For my post on preaching today, my topic will be the question of whether a message should be convicting or encouraging, or if it can be both. A sermon that I heard a while back comes to my mind.
heard this sermon over a decade ago, when I was visiting a Christian
college. The college was holding a conference whose theme was Romans
1:16, in which Paul emphatically declares that he is not ashamed of the
Gospel of Jesus Christ. As I looked at the brochure, the conference
appealed to me (for whatever reason), and so I took a couple of college
days from high school so I could attend it, while also learning about
the college, of course (and I did, since I got to talk with some of the
students there, plus I took a tour).
At the conference, I
was on a spiritual and a religious high, as I heard inspiring messages,
saw a drama about the life of Jesus, attended interesting seminars, and
(most importantly) sang beautiful, sentimental praise songs. But there
was one message that sort of ruined my spiritual high.
Actually, I think it was the main message of the event, since the
brochure advertised the guy who gave it as the speaker. This speaker
was essentially telling us that the true test of whether we are ashamed
of the Gospel or not will come after we have left the conference. At
the conference, he said, of course we're not ashamed of the Gospel, for
everyone around us is unashamed! But will we stand for Jesus Christ
when we go back to our regular lives, when there are pressures not to
stand for Jesus Christ?
I didn't care for the message, to tell you
the truth. One reason was probably that I didn't like my religious
high being questioned----as if I felt the way I did simply because
people around me felt as I did. I mean, shouldn't I be commended for
being in an attitude of worship, rather than being asked if that
attitude was sincere and would last after I've left the conference?
Second, after a period of sentimentality and "God loves you"
messages, the speaker's no-nonsense, confrontational (albeit not
pounding-the-pulpit) style somewhat took me aback. I didn't find this
speaker's message particularly inspiring!
my surprise, when I was eating breakfast at the cafeteria the next
morning, what I was hearing was that other young people at the
conference actually liked the speaker's message. A lady was
coming around to each table, asking us what we liked about the
conference. Someone replied that she liked the message from that one
speaker, and the lady responded that she heard others say that they
liked that speaker's message. The speaker must have left an impression,
for he spoke at the conference the following year, and (if I'm not
mistaken) the speaker became a part of the campus' faculty.
did people like about this speaker's message? I didn't hear specific
reasons that they liked it, but I'll hazard some guesses. I think one
reason was that he spoke with authority, and I've discussed the issue of
speaking with authority over the last few days. But another reason was
probably that he was challenging people to live out their faith. There
are many people who want a faith that is real, and they like being
challenged to go out there and to show their devotion to Jesus Christ.
It's like being in the marines----there are people who want to commit to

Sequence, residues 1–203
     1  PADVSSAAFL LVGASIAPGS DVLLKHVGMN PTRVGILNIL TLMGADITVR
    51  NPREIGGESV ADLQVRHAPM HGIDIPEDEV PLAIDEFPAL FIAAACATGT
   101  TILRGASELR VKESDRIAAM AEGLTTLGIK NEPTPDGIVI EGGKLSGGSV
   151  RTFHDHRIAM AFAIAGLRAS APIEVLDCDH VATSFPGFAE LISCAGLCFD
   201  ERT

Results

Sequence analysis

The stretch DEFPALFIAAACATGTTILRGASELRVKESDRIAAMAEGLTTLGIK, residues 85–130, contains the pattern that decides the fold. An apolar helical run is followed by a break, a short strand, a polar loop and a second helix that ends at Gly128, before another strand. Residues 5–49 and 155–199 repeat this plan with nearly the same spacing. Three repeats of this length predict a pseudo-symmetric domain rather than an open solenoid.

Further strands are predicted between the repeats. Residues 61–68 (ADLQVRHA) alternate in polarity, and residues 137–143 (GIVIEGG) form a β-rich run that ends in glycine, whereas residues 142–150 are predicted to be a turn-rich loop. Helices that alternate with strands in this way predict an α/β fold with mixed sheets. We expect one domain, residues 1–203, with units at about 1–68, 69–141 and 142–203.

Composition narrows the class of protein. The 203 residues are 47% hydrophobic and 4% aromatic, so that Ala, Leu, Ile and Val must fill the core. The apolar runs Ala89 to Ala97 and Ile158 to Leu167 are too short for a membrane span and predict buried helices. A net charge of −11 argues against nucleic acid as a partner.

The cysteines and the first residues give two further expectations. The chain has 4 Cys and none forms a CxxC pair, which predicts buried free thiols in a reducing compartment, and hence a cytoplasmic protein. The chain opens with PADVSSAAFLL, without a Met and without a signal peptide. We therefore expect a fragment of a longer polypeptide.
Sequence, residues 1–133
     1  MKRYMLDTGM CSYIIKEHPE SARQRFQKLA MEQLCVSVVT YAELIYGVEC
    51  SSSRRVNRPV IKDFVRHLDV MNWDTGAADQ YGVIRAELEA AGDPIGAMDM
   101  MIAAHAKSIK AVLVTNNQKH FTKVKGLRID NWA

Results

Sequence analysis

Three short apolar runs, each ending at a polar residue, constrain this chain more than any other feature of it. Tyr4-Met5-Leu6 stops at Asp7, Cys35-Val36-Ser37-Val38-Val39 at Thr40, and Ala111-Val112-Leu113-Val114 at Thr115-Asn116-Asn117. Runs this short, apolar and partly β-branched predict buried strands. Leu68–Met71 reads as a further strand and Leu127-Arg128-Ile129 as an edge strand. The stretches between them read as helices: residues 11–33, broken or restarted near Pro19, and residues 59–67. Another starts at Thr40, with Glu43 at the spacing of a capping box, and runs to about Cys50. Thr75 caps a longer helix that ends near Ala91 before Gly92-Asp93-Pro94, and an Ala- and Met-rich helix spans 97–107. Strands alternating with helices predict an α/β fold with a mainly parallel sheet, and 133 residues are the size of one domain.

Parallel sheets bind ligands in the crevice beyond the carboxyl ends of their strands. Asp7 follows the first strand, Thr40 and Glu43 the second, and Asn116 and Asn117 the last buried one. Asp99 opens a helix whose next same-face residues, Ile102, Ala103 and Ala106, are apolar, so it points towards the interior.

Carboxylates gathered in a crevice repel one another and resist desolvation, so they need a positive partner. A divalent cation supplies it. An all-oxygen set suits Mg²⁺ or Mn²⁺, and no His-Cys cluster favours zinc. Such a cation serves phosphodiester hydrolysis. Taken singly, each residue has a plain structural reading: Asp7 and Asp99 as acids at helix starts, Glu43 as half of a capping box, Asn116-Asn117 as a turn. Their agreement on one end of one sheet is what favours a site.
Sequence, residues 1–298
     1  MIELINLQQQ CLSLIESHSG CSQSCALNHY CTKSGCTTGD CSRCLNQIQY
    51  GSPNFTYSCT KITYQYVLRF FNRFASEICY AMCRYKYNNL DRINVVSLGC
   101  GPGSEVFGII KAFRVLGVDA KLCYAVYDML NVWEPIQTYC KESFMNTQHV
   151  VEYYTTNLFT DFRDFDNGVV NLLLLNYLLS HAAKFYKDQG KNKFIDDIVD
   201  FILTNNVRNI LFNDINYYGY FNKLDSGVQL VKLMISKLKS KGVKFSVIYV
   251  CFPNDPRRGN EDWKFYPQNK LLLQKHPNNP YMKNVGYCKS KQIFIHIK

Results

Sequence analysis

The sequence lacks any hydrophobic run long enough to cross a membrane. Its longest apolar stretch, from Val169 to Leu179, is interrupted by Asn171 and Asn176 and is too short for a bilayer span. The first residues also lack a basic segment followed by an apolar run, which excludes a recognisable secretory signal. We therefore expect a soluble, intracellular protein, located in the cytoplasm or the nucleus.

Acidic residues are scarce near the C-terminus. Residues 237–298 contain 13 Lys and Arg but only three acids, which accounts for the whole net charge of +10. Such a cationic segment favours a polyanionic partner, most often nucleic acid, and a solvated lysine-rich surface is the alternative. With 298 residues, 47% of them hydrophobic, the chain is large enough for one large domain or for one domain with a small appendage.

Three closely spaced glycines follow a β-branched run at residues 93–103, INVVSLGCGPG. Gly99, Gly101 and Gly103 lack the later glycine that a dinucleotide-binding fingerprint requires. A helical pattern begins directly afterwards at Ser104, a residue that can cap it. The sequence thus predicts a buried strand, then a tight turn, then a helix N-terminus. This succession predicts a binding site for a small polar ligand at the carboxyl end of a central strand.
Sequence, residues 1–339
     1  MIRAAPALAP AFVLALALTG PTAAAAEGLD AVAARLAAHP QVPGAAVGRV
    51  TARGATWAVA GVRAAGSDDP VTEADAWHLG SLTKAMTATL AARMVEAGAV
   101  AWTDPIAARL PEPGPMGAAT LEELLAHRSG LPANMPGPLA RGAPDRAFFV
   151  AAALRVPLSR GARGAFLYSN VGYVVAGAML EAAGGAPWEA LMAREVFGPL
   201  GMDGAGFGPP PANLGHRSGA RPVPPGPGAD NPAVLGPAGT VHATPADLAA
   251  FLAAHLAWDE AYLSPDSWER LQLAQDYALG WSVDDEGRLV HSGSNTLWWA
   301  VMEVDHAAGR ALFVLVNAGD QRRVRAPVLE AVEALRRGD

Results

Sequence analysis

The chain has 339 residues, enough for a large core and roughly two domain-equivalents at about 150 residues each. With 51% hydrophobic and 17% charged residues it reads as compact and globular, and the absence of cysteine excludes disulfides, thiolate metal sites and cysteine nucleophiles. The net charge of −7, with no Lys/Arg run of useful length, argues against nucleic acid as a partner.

something (or someone) greater than themselves.
tend to be turned off by those sorts of messages, however. One problem
is that, when I'm told to do something for God, I fear that I'll do it
wrong. Another problem is that I can be rather timid, and so the
prospect of going out into the real world and being unashamed of Jesus
Christ frightened me, a bit. I much preferred messages that soothed my
soul----messages about Christ's love for me. In my opinion, the
way for me to become unashamed of Jesus Christ is for me to be reminded
why I love Jesus Christ----because he is good and loves me. Having a
no-nonsense, confrontational message thrown in my face doesn't really do
the job. I wished that I saw more tenderness in the speaker's message.
There was one thing that I really liked about the message, though.
I remembered this last night while I was doing my daily quiet time in
Leviticus. I was reading Leviticus 19, and v 19 says that you shall not
put a stumbling-block in front of the blind. The speaker was telling
us a story about students at a high school who were putting a
stumbling-block (desks and chairs, I think) in the path of a blind
person, and he was stumbling around. The speaker was asking us what we
would do in that situation: Would we speak out or try to do something to
stop it, or would we be silent? I appreciated his point
because, in this case, one did not have to proclaim a bunch of dogmas to
be unashamed of Jesus Christ; rather, one could show one's commitment
to Jesus by standing up for what is right----and by empathizing with
someone in a position of vulnerability. I'm not into telling people
that they'll go to hell unless they sign onto a creed. But I do hope
that I will stand up for the right way to treat people.
my sermon this coming Sunday, will I be confrontational and convicting,
or will I be encouraging and inspiring? God's love will be a
significant aspect of my sermon, and so there will be a sense in which
it will be encouraging (or at least that is my hope). But I will also
share some insights and thoughts that are hopefully
practical---spiritual challenges, if you will. But I won't be in-your-face, for behind even the challenges should be the conviction that God is love.
John Lennox on Stephen Hawking
3 hours ago